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5 Tips for Growing Orchids Indoors

July 30, 2014 11:04 am

The beautiful and delicate orchid plant brings joy to all who are lucky to keep one. Orchids takes special care and attention, so be sure you are ready to dedicate the time to your plant. Once you see the blooms, you’ll be happy you did. If you’re curious about how to grow and sustain this stunning flower inside your home, have a look at these five tips.

1. Keep your orchid plant in a room with an east or east facing window. Place the plant near the window, but not directly in the sunlight.

2. Make sure the room you keep your orchid in has the proper amount of humidity, which needs to be relatively high to keep your orchid happy. Keep all of your plants together to create a more humid atmosphere for your orchid.

3. The planter you place your orchid in should contain bark chips, rocks, or other loose materials to allow for proper drainage. Letting an orchid sit in water for too long with kill it.

4. Orchids need good air circulation, so be sure to open a nearby window if the temperature is right. Otherwise, keep a fan lightly rotating throughout the room.

5. Controlling temperature is imperative to a healthy orchid. Set the thermostat above 60 degrees Fahrenheit for optimal growth.

How to Grow Orchids Indoors [Better Homes and Gardens]
Growing Orchids Indoors [Dream Orchids]
Growing Healthy Orchids Indoors [American Orchid Society]

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Dip Into Three Varieties of Guacamole at Toloache Mexican Restaurant

July 23, 2014 11:02 am

Next time you’re heading to a show or find yourself in New York’s Theater District, Toloache makes an excellent spot for drinks, a small bite, or filling dinner. This upscale Mexican restaurant is the brainchild of chef Julian Medina, a mentee of Chef Richard Sandoval who possesses an impressive culinary resume throughout New York’s top Mexican restaurants. Medina combines the flavors and inspiration from his native Mexico City with expert skills gained through formal training at the French Culinary Institute.

Appetizers are a must-have at Tolache, and don’t be shy about over-indulging. Diners highly recommend the guacamole. There are three types to choose from — mild, medium, and hot — with the medium highly recommended for its playful combination of flavors that include pomegranate, mango, and Thai basil. The Queso Fundido is another favorite with its mushroom additions. Most diners go for tacos; although small in size, they’re big on flavor. Try the Costilla & Tuetano made with beef short ribs.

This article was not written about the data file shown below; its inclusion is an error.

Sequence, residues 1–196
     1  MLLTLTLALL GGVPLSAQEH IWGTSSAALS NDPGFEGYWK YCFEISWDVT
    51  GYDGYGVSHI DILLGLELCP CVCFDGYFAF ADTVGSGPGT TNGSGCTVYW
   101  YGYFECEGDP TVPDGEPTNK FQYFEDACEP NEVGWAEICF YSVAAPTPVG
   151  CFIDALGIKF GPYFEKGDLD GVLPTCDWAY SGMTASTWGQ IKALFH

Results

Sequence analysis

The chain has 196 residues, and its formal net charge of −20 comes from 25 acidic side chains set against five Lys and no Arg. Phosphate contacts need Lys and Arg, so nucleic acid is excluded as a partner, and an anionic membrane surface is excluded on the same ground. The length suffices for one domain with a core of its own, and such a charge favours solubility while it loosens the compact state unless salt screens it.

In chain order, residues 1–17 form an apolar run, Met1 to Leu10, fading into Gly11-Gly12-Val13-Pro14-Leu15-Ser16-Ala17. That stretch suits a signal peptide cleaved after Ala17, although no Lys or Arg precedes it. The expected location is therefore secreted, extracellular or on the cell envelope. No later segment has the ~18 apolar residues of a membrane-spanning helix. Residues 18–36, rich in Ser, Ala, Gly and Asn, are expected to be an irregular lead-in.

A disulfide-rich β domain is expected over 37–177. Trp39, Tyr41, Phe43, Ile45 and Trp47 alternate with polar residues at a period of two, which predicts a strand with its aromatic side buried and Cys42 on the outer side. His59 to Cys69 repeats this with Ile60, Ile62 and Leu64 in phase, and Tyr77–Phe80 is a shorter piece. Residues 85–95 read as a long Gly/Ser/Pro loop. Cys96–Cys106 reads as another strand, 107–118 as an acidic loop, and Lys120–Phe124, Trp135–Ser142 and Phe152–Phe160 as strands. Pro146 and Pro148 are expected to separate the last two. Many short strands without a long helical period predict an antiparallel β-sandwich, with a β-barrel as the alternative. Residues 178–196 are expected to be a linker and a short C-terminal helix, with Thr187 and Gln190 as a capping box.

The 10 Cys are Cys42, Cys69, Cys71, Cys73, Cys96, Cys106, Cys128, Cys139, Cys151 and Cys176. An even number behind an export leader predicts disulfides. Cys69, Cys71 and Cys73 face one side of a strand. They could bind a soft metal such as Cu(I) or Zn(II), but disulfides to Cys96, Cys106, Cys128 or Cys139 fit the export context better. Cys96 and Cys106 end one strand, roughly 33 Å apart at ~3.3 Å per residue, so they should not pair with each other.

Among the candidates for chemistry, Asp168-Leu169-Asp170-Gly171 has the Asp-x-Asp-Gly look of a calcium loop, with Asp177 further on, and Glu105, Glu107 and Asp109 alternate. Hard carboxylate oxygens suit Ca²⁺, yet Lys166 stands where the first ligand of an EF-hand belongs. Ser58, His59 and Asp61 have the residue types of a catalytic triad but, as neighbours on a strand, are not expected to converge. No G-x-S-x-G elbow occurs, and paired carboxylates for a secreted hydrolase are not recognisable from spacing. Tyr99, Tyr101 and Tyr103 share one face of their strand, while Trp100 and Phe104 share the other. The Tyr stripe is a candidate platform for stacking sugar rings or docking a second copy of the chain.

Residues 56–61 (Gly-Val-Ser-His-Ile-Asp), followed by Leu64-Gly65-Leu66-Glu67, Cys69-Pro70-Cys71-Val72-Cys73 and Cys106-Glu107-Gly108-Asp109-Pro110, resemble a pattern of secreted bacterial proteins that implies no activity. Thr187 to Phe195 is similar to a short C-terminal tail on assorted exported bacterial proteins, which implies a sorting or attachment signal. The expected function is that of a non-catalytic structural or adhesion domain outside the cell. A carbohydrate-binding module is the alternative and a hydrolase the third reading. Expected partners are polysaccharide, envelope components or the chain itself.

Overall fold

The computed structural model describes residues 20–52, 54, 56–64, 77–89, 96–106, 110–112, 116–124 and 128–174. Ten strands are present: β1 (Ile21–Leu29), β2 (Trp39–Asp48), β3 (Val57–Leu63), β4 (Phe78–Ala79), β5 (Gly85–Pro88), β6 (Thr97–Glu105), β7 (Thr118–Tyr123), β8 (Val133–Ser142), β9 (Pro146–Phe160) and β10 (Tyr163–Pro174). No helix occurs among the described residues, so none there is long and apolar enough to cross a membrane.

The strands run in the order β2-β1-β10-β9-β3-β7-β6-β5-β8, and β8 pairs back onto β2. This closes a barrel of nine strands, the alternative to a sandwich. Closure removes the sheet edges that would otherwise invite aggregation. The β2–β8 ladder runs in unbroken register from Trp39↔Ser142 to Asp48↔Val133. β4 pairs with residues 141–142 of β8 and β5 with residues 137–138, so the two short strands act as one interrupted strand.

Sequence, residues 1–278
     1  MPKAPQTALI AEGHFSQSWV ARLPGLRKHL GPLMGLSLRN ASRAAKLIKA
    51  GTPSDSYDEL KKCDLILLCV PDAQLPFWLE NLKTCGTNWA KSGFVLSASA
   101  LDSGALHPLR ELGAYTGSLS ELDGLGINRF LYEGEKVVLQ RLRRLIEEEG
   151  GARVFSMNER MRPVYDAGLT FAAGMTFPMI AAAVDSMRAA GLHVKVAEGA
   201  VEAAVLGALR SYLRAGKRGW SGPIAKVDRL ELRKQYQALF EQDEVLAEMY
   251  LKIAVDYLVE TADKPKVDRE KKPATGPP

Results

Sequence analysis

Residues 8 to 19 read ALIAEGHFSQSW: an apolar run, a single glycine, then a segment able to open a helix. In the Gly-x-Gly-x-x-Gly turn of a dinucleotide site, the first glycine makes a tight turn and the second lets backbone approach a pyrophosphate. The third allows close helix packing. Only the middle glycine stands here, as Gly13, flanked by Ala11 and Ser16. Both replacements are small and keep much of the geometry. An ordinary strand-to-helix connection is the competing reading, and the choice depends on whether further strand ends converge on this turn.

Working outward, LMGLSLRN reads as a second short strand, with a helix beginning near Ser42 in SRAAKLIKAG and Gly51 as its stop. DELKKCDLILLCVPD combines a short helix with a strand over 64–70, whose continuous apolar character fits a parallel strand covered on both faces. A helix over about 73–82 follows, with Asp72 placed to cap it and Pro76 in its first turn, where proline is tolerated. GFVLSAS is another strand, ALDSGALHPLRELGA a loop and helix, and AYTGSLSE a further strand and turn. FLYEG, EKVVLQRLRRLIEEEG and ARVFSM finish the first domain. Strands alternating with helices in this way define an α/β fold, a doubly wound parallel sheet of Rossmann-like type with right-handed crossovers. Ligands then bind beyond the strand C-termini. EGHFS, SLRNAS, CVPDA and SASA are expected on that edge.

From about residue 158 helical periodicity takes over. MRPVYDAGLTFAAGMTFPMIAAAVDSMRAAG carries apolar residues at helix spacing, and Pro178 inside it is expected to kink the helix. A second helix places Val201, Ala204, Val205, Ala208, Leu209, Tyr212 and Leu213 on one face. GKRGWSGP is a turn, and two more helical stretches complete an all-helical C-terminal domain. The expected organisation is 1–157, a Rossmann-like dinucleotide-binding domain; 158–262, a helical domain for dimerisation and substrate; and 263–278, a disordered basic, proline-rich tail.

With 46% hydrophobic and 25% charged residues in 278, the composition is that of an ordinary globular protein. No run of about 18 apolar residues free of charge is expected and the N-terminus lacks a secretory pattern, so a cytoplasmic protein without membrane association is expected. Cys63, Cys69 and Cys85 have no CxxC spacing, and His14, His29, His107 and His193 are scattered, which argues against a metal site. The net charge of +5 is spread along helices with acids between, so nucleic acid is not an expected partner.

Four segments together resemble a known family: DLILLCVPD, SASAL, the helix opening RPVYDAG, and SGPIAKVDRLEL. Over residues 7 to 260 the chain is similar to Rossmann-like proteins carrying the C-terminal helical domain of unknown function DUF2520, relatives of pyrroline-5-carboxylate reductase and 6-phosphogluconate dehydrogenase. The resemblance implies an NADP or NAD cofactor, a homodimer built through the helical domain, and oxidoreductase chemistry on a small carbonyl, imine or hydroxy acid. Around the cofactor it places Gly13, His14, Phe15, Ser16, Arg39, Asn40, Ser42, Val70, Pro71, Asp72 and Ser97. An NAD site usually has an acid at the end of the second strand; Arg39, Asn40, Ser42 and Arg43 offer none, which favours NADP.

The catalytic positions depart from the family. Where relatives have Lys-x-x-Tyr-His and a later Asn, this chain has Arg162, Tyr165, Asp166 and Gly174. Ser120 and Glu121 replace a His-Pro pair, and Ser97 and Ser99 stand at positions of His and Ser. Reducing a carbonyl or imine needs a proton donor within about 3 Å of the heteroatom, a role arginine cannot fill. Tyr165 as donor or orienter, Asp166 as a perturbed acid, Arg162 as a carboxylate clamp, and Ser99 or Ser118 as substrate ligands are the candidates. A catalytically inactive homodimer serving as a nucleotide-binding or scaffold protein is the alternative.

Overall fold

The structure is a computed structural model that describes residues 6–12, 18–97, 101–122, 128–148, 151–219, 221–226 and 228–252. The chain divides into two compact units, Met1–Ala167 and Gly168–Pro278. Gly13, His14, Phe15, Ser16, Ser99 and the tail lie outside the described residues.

Tastetful Mexican decor, including many panels of painted tiles, and a lively atmosphere make Tolache an enjoyable experience. It’s popular among theater-goers, and the staff is respectful of time constraints. Make a reservation to ensure table availability when you want it.

251 W. 50th Street
New York, NY 10019
(212) 581-1818

Public Domain/Public Domain

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History Meets Adventure at These National Parks Near New York City

July 16, 2014 11:01 am

Beyond the hustle and bustle of New York City lie two national parks that were built to commemorate unique moments in American history. One is the home of a beloved First Lady, and the other is a former haven for artists seeking refuge outside of the city.

Eleanor Roosevelt National Historic Site
Amidst the 180-acre rural sprawl lies "Val-Kill," the only property that Eleanor Roosevelt ever owned. She purchased this modest cottage with encouragement from her husband, Franklin, to use the home and land as a means to develop her numerous endeavors. During the Great Depression, she used the cottage as a furniture factory to teach young men the trade. The house and its surrounding units are now open year-round to visitors for walk-through tours. There are also trails throughout the land nearby.

Weir Farm National Historic Site
Weir Farm National Historic Site is located in Ridgefield, Connecticut, 60 miles northeast of New York City. This structure was once home to a legendary artist community started by famous impressionist painter J. Alden Weir. Take a guided tour through the house where Weir and other painters, like Childe Hassam, Albert Pinkham Ryder, and John Twachtman, developed the skills that would later define the period. There are even art supplies provided free of charge for guests to make paintings of their own, if the house and its history should inspire you.

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